Last week, the New York Times revealed that an obscure company called Securus was providing realtime location tracking to law enforcement, without checking the supposed "warrants" provided by cops, and that their system had been abused by a crooked sheriff to track his targets, including a judge (days later, a hacker showed that Securus's security was terrible, and their service would be trivial to hack and abuse).
At the time, it was hard to understand how Securus was able to access location data from the carriers. Now we know.
Securus is a customer of a "marketing company" called Locationsmart that has contracts with the four largest US cellular carriers that allow it to pinpoint the location of any cellular phone in the USA or Canada, usually within seconds.
Locationsmart exploits a loophole in federal privacy law, which requires government agencies (including police forces) to get a warrant in order to retrieve location data from mobile carriers. The loophole, though, allows mobile carriers to sell this data to marketing companies like Locationsmart, who can sell that data to anyone they like — including the government entities who would need a warrant to get the same data from the carriers.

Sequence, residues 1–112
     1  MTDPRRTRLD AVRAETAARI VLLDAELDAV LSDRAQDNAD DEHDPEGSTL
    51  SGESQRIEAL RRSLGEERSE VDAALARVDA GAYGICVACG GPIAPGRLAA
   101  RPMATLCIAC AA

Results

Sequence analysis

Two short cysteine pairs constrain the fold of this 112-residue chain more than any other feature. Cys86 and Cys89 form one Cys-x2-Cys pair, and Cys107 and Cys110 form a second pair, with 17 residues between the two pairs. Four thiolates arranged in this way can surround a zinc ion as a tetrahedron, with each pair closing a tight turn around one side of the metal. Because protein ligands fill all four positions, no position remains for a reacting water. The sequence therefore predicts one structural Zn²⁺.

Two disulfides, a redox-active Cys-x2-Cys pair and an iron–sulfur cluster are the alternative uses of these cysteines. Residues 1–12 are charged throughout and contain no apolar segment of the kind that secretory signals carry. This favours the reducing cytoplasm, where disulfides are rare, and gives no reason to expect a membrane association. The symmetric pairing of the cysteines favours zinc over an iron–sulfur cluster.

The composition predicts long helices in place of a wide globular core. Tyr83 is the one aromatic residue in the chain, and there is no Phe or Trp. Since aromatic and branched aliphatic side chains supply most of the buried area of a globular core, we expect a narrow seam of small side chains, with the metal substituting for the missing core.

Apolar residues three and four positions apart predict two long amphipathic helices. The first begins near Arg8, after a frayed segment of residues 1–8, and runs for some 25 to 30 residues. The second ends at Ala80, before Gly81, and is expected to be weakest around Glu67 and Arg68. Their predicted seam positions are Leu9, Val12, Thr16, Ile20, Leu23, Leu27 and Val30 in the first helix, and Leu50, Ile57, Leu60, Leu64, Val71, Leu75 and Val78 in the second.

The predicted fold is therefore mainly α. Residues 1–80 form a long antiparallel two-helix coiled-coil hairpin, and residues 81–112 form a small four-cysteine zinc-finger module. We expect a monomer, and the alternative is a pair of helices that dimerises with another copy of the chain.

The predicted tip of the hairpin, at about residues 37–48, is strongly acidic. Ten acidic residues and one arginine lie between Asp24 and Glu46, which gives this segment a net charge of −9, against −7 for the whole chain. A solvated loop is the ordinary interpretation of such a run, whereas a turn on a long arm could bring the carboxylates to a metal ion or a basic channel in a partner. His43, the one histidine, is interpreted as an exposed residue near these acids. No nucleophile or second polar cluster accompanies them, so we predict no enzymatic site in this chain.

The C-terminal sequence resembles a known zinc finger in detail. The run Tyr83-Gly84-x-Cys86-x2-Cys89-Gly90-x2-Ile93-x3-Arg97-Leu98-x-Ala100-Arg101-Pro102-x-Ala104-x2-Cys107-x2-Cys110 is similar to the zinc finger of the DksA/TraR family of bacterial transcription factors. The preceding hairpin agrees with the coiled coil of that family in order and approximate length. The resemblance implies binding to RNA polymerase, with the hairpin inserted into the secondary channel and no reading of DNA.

Locationsmart's website included a demonstration service that allowed you to try out their location tracking for free: you entered a cellphone number, it texted a query to that number asking for permission to provide the phone's location, and, if permission was given, it showed the web-user the phone's location. The idea was that you could use it with your own phone number to see how the service worked.
But a Carnegie Mellon security researcher named Robert Xiao looked more closely and discovered that it was trivial to bypass the authentication/permission step in the demonstrator, allowing anyone in the world to track, in realtime, the location of anyone in the USA or Canada with nothing more than a phone number (Locationsmart took down the demo portal when they were contacted by security journalist Brian Krebs).
If you do business with the big four carriers — Verizon, Sprint, T-Mobile and AT&T — you "agreed" to let them sell this incredibly sensitive data to muppets like Locationsmart when you signed up for the service.
But according to Xiao, a PhD candidate at CMU's Human-Computer Interaction Institute, this same service failed to perform basic checks to prevent anonymous and unauthorized queries. Translation: Anyone with a modicum of knowledge about how Web sites work could abuse the LocationSmart demo site to figure out how to conduct mobile number location lookups at will, all without ever having to supply a password or other credentials.
"I stumbled upon this almost by accident, and it wasn't terribly hard to do," Xiao said. "This is something anyone could discover with minimal effort. And the gist of it is I can track most peoples' cell phone without their consent."
Xiao said his tests showed he could reliably query LocationSmart's service to ping the cell phone tower closest to a subscriber's mobile device. Xiao said he checked the mobile number of a friend several times over a few minutes while that friend was moving. By pinging the friend's mobile network multiple times over several minutes, he was then able to plug the coordinates into Google Maps and track the friend's directional movement.